AMES — Matt Campbell hasn’t seen his football players since they left for spring break three weeks ago.
The coronavirus pandemic has all but shut down all in-person meetings and gatherings across the nation. Iowa State’s students were sent home and Campbell, along with every other college coach, was left to coach a team they couldn’t physically be with.
Campbell and his staff had to come up with a plan.
“This has been a brand-new challenge and in a way, you almost tackle it like you’re preparing for a new opponent,” Campbell said. “It starts with a little bit of anxiety but then you sit down and ask yourself, ‘How do we win this challenge? How do we give our kids the best opportunity to thrive through it?’
“The most important thing is you have to find a routine. If you’re sleeping in until 11 a.m. everyday, it’s probably going to be really hard for you to come back and thrive. This all starts with the communication piece — we need to hold people accountable to our standard through communication.”
The Iowa State football staff has used all means of communication from FaceTime to Zoom and Google Docs.
“There are so many ways to teach,” Campbell said. “We’re still continuing their education on nutrition and strength and conditioning and football. Technology has allowed us to connect and teach and be present in their lives even if we can’t physically be there. It also forces accountability on the student-athlete’s end of things.
“But we’re fortunate to have kids that want to find ways to get better. This may be something we can use down the road to continue to get better, which has been exciting.”
Campbell, who has four children, took a page out of their book.
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“My kids are being home-schooled and that’s a great lesson — you can still teach and connect,” said Campbell, who is in charge of his children’s gym class and recess time now. “What I’ve asked our coaches to do is to just be simple. In times of chaos, simplicity becomes the answer — whether that’s football or whether that’s strength and conditioning — we need a sense of simplicity to continue to grow. I think we’ve done a great job of that.”
Campbell is not just referring to football chaos, but, yes, trying to coach and learn football while not being physically together is difficult and probably chaotic. Campbell is referring to real-world chaos.
He said some parents of Iowa State’s players have been laid off and the players have had to find work. Other parents need to keep working but have young children at home now without school, so the players need to take care of their younger siblings while their parents work.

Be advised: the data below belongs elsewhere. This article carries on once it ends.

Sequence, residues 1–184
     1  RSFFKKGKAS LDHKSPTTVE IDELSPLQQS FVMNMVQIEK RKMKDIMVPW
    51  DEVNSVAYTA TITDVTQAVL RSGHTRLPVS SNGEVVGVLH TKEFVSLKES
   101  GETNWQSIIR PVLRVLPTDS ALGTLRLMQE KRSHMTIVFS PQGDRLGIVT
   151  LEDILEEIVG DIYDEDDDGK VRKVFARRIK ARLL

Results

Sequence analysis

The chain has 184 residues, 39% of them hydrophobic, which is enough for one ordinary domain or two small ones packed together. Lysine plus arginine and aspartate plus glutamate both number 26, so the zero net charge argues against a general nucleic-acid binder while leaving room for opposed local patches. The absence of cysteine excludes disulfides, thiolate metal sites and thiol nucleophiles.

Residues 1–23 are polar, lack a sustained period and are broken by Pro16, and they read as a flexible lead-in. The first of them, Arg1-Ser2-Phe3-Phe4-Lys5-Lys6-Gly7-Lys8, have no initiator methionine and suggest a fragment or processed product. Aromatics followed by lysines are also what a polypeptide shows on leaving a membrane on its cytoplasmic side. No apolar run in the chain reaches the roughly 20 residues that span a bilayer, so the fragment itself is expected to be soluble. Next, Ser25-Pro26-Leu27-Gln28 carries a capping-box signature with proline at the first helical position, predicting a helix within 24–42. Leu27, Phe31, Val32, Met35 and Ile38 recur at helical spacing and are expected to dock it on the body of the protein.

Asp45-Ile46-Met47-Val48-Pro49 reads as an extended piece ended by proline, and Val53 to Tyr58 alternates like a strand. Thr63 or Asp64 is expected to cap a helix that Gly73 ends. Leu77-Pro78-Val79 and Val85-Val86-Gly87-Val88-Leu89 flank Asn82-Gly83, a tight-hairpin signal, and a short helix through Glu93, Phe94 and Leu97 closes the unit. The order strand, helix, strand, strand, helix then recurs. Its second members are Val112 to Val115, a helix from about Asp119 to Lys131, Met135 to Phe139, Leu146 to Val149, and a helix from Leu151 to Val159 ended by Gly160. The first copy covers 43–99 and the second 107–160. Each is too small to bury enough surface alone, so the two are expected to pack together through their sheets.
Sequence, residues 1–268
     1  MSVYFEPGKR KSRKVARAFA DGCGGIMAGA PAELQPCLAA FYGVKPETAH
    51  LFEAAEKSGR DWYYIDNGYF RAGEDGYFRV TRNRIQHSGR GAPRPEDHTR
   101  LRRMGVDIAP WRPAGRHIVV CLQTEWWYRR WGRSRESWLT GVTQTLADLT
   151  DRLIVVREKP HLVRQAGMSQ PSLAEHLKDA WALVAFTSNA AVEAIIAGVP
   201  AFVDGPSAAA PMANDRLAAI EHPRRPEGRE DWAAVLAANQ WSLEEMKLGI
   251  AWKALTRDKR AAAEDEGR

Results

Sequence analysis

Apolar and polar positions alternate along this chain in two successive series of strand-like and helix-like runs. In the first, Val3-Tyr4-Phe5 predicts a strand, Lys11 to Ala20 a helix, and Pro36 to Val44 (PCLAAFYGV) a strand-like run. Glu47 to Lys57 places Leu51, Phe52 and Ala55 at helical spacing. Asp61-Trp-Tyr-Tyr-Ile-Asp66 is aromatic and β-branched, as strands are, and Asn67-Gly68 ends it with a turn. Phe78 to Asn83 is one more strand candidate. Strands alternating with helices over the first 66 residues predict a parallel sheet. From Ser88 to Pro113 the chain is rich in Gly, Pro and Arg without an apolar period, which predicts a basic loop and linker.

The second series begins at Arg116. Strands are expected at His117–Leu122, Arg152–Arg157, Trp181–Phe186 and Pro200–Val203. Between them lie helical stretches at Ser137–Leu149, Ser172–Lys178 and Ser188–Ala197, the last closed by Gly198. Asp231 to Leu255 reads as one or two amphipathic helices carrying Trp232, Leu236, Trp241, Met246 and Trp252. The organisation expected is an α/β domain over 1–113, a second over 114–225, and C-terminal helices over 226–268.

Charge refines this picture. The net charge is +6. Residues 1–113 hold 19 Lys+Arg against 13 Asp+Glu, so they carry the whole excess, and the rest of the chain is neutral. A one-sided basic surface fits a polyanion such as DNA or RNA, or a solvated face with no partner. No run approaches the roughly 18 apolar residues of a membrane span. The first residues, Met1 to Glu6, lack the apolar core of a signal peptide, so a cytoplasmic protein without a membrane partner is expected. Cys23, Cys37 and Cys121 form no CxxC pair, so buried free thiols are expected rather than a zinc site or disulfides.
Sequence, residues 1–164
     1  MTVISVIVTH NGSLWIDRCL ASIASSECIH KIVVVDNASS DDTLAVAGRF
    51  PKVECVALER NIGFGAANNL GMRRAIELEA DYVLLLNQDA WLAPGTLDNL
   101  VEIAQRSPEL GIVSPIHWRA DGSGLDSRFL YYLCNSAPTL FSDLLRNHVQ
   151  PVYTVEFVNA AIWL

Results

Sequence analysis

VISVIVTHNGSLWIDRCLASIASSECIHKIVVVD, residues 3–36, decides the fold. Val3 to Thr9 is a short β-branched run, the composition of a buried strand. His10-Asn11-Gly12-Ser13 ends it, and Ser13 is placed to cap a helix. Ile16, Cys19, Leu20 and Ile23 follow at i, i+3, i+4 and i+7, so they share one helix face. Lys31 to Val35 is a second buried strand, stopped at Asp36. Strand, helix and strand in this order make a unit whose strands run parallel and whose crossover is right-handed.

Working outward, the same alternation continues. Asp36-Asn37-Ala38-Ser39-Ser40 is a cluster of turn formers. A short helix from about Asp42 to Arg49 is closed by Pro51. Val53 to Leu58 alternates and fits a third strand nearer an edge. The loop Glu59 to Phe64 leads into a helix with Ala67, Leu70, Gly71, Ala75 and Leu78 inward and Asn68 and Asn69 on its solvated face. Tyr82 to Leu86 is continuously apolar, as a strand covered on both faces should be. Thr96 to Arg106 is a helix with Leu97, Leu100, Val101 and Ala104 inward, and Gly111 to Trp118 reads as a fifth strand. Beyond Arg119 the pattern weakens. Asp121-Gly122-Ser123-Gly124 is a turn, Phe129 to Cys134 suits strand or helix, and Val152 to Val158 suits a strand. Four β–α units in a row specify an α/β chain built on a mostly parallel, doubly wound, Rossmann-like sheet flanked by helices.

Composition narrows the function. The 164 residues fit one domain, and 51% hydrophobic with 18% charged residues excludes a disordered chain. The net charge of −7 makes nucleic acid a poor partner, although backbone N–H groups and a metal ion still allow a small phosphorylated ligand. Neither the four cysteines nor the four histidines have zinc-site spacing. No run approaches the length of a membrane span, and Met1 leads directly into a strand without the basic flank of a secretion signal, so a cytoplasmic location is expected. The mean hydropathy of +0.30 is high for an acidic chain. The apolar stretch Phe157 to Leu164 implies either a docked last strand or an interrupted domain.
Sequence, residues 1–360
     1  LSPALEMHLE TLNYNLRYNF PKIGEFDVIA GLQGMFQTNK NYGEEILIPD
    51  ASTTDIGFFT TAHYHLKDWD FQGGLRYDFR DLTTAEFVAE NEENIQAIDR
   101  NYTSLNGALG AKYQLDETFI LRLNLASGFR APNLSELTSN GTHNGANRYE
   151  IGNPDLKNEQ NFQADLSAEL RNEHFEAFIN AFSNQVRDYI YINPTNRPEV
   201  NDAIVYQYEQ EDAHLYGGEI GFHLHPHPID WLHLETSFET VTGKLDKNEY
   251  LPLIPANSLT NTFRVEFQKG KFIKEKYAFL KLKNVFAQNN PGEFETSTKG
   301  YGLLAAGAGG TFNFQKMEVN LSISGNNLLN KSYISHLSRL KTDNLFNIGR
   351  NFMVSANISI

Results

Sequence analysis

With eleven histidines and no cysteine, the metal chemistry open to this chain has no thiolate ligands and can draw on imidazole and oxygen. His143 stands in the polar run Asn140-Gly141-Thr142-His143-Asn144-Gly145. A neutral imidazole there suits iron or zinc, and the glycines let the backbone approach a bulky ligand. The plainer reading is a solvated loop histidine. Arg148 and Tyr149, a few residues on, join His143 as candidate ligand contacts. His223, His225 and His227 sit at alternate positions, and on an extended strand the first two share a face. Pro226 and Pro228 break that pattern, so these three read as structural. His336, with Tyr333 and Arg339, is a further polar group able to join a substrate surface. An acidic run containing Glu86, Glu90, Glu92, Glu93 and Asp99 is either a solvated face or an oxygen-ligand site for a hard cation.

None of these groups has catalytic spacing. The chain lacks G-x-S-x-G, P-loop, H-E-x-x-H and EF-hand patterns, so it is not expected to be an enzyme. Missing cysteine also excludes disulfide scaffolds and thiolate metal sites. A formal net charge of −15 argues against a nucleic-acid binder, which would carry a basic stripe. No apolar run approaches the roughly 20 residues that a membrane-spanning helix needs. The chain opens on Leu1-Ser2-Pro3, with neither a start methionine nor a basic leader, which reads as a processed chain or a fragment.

Of course, this is on top of being full-time online students and football players.
Campbell cited redshirt freshman receiver Ezeriah Anderson as someone who got a job at a grocery store in Florida to help his family make ends meet. Sophomore cornerback Kym-Mani King has gone back to his home in Florida as well to help out his family.
Locally, sophomore offensive lineman Trevor Downing and junior defensive end Zach Petersen have gone back to their family’s Iowa farms and started working full time.
Even with all of the adversity his team and players are facing on a day-to-day basis, Campbell is proud of how his team has responded.
The players have set up games of Madden online to play with and against each other to stay connected. Others have done trick-shot challenges — heck, quarterback Brock Purdy and his family made a TikTok dance video.
Anything — even something as simple as a phone call — for the players to stay connected with each other and anything for the coaches to stay connected with the players.
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“We had 123 kids that were going to go through the spring here and now some of them are having to worry about the health and well being of their families or some of them have parents that are really struggling because of what’s going on economically,” Campbell said. “We even had a couple kids where it was safer for them to stay here instead of go home.
“Football has been on the back burner of my mind, in all honesty. I’ve spent less time thinking about football in the last three weeks than I ever have in my life. That’s why I say staying connected daily with all of your players to see what’s going on — because things are changing so rapidly every day — is so important. That’s where we spend our time. We need to make sure we stay present in their lives because these are tough times for 18-to-22-year-olds.”
Campbell recalled a time during his playing days when it felt like, for the first time, his general freedom was stripped from him.
It was Sept. 11, 2001.
“I felt like my freedom was compromised and I wasn’t really sure about what was coming next,” Campbell said. “That was short lived compared to this. At 18-to-22 years old, you think you’re invincible and then all of the sudden, the real world hits and real-life adversity comes our way. Now we have to face that adversity.
“Communication and engagement and caring about other people is really, really important because it’s what we said we were going to do. We need to continue to have that at the forefront of what we do every day.”
So far, Campbell couldn’t be happier with how his staff and his players have handled the situation.
“Adversity shows the gaps that you have or the strengths that you have in your cultural foundation,” Campbell said. “I’ve been really proud of how our kids have continued to find ways to engage with each other. I’ve seen some of the older guys picking up the younger guys over the last couple of weeks. That’s been really rewarding to see.
“It’s been as rewarding as any win we’ve had because this is real life adversity.”